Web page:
A Connecticut state-commissioned study of Dominion Energy Inc.'s Millstone nuclear power plant found the facility is expected to remain profitable through 2035 without any out-of-market help.
While recognizing the 2,101-MW nuclear plant's emissions-free baseload generation is "vital to Connecticut's economy and carbon reduction goals," the preliminary report by Levitan & Associates Inc. concluded "there is no 'missing money' required to ensure Millstone's financial viability through the existing term of Millstone's Unit 2 operating license" in 2035. The operating license for Unit 3 expires in 2045.
Millstone nuclear power facility in Waterford, Conn., in 2003.
Source: AP Images
Connecticut's Department of Energy and Environmental Protection, or DEEP, and the Public Utilities Regulatory Authority, or PURA, released the commissioned report Dec. 14 in response to Gov. Dannel Malloy's July 25 order to investigate "the current and projected economic viability" of keeping Millstone online.
Despite lingering questions over the finances of Millstone, Malloy signed legislation Oct. 31 to allow the plant to avoid a threatened early retirement by bidding for a long-term power supply contract that would shore up future revenues in a market awash with cheap natural gas. Levitan's conclusion, based on industry assumptions, appears to support the suspicions of critics and findings of previous studies that the nuclear facility in Waterford, Conn., is far from becoming uneconomic.
"Under expected market conditions, the present value of Millstone's after-tax cash flows from mid-2021 through mid-2035 is about $2.4 billion," Levitan wrote in the report. "Under lower than anticipated natural gas prices the present value declines to about $1.5 billion. Under low natural gas prices and higher than anticipated Millstone operating costs, the present value declines to $1.3 billion, but remains 'deep-in-the-black.'"
However, the report warned that if Dominion was required to replace its existing system with cooling towers as part of its renewal for its pollutant discharge elimination system permit, "it is likely that cash flow from energy and capacity sales would be insufficient to rationalize the investment."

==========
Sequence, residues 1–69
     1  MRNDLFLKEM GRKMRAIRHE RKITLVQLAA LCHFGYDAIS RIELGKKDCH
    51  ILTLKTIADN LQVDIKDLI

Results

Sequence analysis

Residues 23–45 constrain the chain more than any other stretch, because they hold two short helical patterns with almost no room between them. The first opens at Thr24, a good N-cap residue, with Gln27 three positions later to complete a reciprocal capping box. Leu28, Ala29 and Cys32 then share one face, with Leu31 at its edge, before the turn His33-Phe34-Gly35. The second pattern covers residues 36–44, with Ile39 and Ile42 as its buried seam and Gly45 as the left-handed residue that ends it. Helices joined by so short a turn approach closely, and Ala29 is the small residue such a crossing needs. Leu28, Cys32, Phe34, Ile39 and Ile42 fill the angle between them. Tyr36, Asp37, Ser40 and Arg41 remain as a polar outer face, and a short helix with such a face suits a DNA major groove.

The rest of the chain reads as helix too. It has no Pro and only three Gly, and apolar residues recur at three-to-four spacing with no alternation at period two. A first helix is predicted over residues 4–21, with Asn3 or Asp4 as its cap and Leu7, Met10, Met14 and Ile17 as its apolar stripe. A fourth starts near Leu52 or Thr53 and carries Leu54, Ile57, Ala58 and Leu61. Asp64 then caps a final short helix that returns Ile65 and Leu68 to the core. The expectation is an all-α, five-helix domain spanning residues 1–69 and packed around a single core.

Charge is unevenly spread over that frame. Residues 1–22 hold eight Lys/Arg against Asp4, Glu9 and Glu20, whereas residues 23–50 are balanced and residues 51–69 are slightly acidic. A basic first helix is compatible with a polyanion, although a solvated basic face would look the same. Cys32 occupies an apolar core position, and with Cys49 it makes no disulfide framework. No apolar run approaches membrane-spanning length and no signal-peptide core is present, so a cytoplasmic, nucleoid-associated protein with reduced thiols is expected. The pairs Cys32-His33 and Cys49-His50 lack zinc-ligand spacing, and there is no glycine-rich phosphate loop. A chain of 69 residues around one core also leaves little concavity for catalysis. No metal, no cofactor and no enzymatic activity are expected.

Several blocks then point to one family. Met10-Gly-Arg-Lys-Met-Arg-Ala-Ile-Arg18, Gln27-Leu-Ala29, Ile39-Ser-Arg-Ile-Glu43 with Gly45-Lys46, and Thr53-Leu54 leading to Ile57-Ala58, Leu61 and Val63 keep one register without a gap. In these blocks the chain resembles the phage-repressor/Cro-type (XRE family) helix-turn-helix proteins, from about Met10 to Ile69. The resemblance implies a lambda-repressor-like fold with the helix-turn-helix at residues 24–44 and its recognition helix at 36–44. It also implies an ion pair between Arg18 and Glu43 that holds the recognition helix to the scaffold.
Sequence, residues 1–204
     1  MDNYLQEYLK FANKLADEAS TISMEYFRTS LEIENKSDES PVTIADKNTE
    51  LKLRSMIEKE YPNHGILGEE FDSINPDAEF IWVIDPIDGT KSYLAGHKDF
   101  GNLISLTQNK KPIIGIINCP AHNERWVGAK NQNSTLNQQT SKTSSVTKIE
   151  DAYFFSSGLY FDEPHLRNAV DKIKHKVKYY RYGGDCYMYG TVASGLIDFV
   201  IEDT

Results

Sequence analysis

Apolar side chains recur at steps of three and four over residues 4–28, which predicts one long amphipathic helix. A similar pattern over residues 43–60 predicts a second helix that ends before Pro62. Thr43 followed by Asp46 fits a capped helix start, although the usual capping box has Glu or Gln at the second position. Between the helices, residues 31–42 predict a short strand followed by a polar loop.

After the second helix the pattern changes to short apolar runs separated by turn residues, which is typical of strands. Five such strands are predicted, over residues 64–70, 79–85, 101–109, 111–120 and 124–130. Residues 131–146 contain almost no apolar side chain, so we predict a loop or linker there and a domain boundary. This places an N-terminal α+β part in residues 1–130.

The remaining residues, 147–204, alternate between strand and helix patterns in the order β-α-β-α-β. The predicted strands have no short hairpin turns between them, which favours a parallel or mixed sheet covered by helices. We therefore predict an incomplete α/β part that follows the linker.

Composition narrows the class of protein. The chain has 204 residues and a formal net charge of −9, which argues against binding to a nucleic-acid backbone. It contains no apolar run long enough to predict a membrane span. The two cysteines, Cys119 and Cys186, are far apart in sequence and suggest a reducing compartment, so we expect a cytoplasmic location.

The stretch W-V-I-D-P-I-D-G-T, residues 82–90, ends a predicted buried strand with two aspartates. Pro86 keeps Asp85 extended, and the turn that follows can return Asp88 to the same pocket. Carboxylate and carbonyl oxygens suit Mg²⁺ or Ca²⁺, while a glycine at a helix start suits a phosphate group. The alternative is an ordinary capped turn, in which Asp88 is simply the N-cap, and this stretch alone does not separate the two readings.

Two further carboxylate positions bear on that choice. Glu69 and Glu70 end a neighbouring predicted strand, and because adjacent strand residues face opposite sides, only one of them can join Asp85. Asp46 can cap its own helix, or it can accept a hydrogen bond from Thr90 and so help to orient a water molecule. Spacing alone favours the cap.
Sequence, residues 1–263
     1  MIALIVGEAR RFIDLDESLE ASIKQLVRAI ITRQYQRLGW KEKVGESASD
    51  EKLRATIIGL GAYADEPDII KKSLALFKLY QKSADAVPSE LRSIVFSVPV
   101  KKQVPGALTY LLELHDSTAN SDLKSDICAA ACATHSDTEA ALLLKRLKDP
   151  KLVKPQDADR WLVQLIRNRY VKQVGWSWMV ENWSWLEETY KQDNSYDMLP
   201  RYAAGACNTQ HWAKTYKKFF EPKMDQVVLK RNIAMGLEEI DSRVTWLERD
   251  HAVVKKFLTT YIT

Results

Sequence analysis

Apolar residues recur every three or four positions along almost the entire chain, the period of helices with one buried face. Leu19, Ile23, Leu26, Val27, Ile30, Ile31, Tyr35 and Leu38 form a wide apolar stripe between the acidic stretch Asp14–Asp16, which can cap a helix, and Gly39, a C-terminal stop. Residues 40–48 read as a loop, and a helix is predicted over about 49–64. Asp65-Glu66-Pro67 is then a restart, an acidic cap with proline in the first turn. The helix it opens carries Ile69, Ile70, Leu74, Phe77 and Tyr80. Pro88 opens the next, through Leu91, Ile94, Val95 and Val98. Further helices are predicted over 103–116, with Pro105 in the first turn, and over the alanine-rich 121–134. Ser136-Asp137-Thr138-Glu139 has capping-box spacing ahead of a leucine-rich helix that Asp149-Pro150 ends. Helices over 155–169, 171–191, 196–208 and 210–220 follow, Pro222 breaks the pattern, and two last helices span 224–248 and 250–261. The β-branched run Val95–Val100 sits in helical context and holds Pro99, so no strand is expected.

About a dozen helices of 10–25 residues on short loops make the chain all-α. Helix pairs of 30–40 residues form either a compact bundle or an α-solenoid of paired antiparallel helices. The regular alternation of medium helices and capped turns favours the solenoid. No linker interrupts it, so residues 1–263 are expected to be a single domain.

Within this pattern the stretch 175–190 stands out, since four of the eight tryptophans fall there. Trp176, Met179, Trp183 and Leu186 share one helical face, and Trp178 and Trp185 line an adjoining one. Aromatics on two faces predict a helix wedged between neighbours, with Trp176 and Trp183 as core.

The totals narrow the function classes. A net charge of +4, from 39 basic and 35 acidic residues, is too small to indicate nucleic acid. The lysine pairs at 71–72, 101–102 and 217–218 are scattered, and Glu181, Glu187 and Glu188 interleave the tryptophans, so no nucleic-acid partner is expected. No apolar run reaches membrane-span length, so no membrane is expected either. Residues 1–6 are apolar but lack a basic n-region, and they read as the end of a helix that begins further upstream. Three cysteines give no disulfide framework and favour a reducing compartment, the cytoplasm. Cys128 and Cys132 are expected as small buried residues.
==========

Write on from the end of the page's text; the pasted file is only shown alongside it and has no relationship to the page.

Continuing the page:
As part of its study, Levitan ran detailed simulations of New England's wholesale electricity markets under several scenarios and derived reasonable proxies for proprietary cost data associated with Millstone's fuel costs, operations and maintenance costs, nonoperating expenses and capital expenditures.
"The report misses the mark in one area — Millstone's costs and revenues," Dominion spokesman Ken Holt said in an email. "However, DEEP and PURA readily acknowledged that error resulted from time constraints."
Holt added that the report's assumptions are based on a comparison with nuclear plants vastly different from Millstone in design, operating expenses and the local cost environment. "It is like deciding what to wear today in Hartford based on the weather forecast for Atlanta," he said.
Dominion had previously declined to hand over such proprietary information, but Holt said the company provided the state agencies in November "actual" confidential financial information about Millstone's costs and revenues and are working with DEEP and PURA so the information is incorporated into the final report due Feb. 1, 2018.
DEEP's and PURA's draft summary of the report did note "significant inherent difficulties" in determining the financial viability of a merchant nuclear plant in a restructured market. "Merchant generators' financial goals may exceed the regulated rate of return earned by cost-of-service generators, given merchant generators' exposure to the risks of low energy prices, unplanned outages, and other costs that a regulated generator can recover from electric ratepayers," the regulators said.
However, the regulators said Dominion only provided "a limited, two-page, high-level document with forward-looking financial projections." As a result, the regulators said the study was limited to using the best publicly available information.
Regardless, Holt said the report is clear that without Millstone, Connecticut would suffer "chronic reliability issues, up to and including blackouts, failing to meet the state's carbon reduction goals, loss of substantial jobs and economic benefits and higher costs for customers."
Levitan also estimated the possible effects on Connecticut's electric ratepayers and its economy if Millstone ceased operations.
If Millstone does shutter, the report considered new gas-fired capacity filling the void at a cost of about $700 million. Otherwise, Connecticut could mandate its electric distribution companies to compensate for the lost capacity by contracting for renewable energy and demand-side management resources at a cost of $1.8 billion to replace a quarter of Millstone's capacity or about $5.5 billion to replace Millstone entirely.
Comments in response to the study are due Jan. 8, 2018. The final report with recommendations from DEEP and PURA will be filed by Feb. 1, 2018.